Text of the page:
Some prospective buyers in the already tough Tauranga property market are finding new obstacles to buying a house as bank wait times are "blowing out" and lending criteria appears more strict post-Covid-19.
However, banks say their lending criteria has not changed and every loan application is assessed on a case-by-case basis.
One mortgage broker says it's the "ridiculously short" finance dates in sale and purchase agreements at fault, meaning buyers are running out of time to secure their finance.
New residential mortgage lending data collected by the Reserve Bank of New Zealand shows the amount of money lent nationwide in August 2020 had risen by more than $1 billion to $6.785b when compared with the $5.386b lent in August 2019.
Tremains Bay of Plenty and Waikato general manager Anton Jones said banks appeared to be more strict in applying their lending criteria and the time frames for dealing with applications were "blowing out a bit".
Jones said they were seeing more back up offers than they were pre-Covid and were still getting a lot of multi-offers on properties.
"It's not a huge number of house sales going to back up offers but there's certainly more than there were pre-Covid.
"There are a lot of people who think they have got their finance in the bag because they got their pre-approval a couple of months ago but when they go to put an offer on a house, they are finding their finance isn't approved.
"Banks are also looking at people's occupation and assessing the risk profile of the sector they work in. That wasn't something they were doing before but it's all about the serviceability of debt and whether the bank can be assured of the security of your job."
Simon Anderson, managing director of Realty Group Ltd, which operates Eves and Bayleys, said offers that were subject to finance had always been a challenge but buyers who were well prepared and organised were seeing success.
"Banks are potentially being more careful in their criteria but buyers who have their ducks in a row are getting into houses.
"The number of offers being made on properties has increased so the number of offers falling through has increased, too.
"There is also the pressure of other buyers putting in offers, so some buyers are going in quick without being properly prepared.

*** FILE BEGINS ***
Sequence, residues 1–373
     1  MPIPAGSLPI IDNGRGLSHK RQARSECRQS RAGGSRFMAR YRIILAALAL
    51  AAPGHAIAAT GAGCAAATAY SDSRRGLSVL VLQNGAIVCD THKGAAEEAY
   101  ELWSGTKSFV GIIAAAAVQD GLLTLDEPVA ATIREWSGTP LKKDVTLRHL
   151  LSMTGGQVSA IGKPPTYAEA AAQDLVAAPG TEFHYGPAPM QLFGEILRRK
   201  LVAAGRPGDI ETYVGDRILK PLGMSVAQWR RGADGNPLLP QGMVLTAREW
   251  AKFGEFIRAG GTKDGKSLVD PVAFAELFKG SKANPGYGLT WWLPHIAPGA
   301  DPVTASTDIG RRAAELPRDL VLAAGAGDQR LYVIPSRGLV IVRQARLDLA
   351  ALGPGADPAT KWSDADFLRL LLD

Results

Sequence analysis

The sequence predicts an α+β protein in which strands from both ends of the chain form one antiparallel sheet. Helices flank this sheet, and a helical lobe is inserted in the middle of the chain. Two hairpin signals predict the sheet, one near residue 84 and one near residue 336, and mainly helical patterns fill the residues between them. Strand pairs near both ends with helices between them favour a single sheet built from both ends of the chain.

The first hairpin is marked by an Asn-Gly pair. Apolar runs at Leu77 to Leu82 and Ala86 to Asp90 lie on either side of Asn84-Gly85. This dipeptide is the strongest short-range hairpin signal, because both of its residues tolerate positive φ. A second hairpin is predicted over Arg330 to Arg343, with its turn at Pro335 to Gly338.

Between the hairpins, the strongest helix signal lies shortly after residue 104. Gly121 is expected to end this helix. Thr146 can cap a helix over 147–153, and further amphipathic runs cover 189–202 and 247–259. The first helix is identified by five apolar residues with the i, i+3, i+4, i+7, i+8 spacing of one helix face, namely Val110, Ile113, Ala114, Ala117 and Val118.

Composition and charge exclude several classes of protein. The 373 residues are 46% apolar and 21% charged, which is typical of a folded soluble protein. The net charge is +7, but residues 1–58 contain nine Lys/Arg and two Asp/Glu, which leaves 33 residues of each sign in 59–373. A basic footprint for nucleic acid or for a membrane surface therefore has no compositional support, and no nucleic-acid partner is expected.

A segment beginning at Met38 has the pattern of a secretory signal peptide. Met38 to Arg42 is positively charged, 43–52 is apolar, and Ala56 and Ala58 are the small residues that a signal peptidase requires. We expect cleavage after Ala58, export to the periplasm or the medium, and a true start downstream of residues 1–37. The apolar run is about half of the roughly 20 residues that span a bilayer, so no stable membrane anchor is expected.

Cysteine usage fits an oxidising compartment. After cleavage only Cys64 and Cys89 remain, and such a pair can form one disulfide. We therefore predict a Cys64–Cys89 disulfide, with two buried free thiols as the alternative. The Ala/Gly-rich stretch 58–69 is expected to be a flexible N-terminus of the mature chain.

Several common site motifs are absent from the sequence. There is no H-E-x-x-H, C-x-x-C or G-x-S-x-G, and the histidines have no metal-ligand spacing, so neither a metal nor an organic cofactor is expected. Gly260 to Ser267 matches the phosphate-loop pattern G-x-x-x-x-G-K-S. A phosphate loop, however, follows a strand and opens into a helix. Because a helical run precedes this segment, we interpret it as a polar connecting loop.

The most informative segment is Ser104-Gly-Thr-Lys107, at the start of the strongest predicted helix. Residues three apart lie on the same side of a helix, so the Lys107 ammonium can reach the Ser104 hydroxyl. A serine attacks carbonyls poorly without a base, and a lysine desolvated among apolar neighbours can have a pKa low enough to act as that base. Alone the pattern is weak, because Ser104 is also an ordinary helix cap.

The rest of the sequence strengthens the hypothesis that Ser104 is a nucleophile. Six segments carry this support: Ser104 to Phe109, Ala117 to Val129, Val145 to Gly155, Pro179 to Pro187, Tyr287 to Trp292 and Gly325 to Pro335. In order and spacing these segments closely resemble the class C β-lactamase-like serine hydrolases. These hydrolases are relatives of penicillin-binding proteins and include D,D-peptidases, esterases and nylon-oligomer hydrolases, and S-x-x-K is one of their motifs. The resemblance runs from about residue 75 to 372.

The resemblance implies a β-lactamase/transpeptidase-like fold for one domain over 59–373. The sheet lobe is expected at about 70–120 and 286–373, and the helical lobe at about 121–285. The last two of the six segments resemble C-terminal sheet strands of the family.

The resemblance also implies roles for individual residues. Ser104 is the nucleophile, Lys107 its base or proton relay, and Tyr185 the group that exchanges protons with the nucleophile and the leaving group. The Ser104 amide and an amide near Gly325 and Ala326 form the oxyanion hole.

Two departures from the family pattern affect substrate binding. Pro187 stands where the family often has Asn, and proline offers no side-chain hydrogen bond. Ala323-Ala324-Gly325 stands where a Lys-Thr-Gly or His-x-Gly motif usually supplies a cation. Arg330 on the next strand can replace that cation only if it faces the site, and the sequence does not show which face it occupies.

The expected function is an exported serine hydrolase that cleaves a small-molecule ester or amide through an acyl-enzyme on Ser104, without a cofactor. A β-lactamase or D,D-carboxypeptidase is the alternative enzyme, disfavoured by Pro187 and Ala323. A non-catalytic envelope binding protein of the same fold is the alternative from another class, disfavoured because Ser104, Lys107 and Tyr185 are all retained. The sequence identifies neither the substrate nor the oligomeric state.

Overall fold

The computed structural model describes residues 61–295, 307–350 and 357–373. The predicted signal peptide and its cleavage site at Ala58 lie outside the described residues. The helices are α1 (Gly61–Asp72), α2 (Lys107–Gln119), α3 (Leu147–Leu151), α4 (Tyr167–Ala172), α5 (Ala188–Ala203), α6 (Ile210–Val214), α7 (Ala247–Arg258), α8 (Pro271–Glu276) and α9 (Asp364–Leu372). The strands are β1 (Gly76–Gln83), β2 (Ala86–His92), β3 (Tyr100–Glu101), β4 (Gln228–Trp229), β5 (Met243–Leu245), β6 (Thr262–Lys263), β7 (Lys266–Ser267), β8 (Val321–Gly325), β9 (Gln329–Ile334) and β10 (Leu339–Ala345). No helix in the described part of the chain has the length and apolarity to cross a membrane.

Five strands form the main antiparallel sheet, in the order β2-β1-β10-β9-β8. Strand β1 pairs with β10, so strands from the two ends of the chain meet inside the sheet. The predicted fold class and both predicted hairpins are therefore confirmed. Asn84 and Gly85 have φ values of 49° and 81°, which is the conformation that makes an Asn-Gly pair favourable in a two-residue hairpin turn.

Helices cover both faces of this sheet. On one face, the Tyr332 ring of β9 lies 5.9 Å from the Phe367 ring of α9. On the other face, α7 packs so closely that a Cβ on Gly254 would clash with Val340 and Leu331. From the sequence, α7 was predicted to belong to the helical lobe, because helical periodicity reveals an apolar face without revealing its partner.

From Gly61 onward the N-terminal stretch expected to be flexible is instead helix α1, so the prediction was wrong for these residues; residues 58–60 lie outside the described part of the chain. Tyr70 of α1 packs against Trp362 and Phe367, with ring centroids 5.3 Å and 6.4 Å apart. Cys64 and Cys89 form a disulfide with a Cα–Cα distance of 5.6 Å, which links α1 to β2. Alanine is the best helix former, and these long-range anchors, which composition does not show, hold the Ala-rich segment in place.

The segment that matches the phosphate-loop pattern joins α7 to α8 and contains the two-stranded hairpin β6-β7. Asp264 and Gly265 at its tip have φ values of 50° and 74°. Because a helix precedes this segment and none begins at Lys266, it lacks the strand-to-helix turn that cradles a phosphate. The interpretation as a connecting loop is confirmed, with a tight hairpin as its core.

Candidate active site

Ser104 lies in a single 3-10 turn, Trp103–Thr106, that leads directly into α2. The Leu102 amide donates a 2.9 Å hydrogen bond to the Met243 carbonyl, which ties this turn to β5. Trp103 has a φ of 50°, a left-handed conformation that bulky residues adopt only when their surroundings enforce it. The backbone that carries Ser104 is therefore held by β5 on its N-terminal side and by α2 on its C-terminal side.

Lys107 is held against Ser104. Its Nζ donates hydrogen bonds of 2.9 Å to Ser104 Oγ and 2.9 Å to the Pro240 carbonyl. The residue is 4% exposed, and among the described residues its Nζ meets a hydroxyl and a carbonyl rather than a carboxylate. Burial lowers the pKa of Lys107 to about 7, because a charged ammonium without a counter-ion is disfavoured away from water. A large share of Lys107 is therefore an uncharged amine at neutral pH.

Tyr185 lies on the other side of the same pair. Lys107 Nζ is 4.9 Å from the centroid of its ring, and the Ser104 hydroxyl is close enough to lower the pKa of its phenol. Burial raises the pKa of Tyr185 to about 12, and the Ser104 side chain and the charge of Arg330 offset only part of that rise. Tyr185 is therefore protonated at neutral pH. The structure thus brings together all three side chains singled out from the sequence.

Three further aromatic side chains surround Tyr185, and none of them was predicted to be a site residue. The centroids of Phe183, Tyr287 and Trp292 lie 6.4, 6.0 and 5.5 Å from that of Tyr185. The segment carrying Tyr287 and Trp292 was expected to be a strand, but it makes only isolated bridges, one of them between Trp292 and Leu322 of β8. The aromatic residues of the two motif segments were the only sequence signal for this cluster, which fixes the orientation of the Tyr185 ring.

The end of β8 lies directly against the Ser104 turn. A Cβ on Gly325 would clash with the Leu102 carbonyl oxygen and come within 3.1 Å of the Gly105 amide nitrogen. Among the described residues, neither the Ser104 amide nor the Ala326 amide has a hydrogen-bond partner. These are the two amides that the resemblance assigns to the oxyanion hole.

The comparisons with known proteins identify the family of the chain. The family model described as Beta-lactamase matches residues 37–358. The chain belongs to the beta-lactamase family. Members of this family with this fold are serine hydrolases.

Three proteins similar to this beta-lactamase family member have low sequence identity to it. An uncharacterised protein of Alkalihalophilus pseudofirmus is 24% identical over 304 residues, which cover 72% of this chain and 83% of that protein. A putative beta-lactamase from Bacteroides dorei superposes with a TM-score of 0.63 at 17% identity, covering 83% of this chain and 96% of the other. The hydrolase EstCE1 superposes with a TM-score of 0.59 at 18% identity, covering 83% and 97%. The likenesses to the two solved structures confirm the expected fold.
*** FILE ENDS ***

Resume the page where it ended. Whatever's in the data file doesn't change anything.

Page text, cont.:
"My advice to buyers is to know what your bank requires before even starting to look at houses and be guided by the experts."
The Mortgage Centre's Graeme Leigh said 100 per cent of the applications he had submitted for his clients in the past 12 months had been approved by banks.
"I am not seeing an increase in declined applications at all. I've been a mortgage broker for 21 years and what I think is more likely is there are too many people with a high amount of high-interest short-term debt.
"I have had some clients who are missing out on houses but it's not because they haven't got the finance, it's because there is so much competition out there."
Leigh said mortgage brokers had a better chance of securing finance for a potential buyer than when a buyer went directly to the bank.
"If a buyer puts an offer on a property and then their finance gets declined by the bank, they don't have time to go to another bank to try get approved. With a broker, if one lender declines, we have the ability to duplicate the application and send it to another without the wait time.
"The problem is finance dates are very short, some sale and purchase agreements require finance in five working days which is a ridiculously short amount of time. If a buyer can't see the bank manager for a week, they've run out of time.
"These finance dates need to be extended to reflect the current climate."
Kiwibank borrowing and investments product manager Richard McLay said by July and August, the number of new Kiwibank home loans in the Bay of Plenty had recovered to pre-Covid-19 levels.
"While there is an increased focus on the customer's ability to service any new lending, we have not materially tightened any of our lending criteria since Covid hit in March.
McLay said nearly 30 per cent of Kiwibank loans for new property purchases in the Bay of Plenty this year went to first-home buyers.
A Westpac NZ spokesperson said the bank was open for new lending and continued to assess all applications on a case-by-case basis.
"We haven't changed our lending criteria as a direct result of Covid-19, but we regularly review our policies to ensure they offer the best possible support for our customers."
An ANZ spokesman said: "We're still ready to support customers into their new homes, but, as always, we have to make sure we're supporting customers to make good borrowing decisions – particularly with higher LVR lending."
He said because first-home buyers tended to have a smaller deposit and therefore typically borrowed more than 80 per cent, these borrowers, "need to show that they have good residual income after mortgage payments and expenses as a sign that they can withstand any adverse changes in their household financial situation".
"As can be the case even before Covid, the customer's circumstances may change between the assessment and issuance of the pre-approval and seeking finance for a potential purchase.
"This is why we ask customers to contact us before putting an offer in on a property as it allows us to reconfirm the circumstances surrounding the potential borrowing."